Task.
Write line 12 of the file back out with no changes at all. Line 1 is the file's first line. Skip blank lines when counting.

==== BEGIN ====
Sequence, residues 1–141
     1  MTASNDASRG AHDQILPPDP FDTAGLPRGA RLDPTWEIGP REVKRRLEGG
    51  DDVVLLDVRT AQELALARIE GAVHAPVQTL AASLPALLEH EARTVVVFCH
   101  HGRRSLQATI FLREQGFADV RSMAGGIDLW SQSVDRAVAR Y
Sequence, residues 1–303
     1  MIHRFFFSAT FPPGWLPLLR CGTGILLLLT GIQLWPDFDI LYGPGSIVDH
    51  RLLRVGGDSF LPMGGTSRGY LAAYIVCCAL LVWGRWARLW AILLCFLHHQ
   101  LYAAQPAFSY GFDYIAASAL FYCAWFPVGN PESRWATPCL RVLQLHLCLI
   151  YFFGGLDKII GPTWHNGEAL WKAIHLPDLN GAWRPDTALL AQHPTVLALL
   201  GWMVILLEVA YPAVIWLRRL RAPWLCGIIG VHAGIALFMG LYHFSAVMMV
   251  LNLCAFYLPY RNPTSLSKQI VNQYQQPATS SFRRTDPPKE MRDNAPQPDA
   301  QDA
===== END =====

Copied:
   301  QDA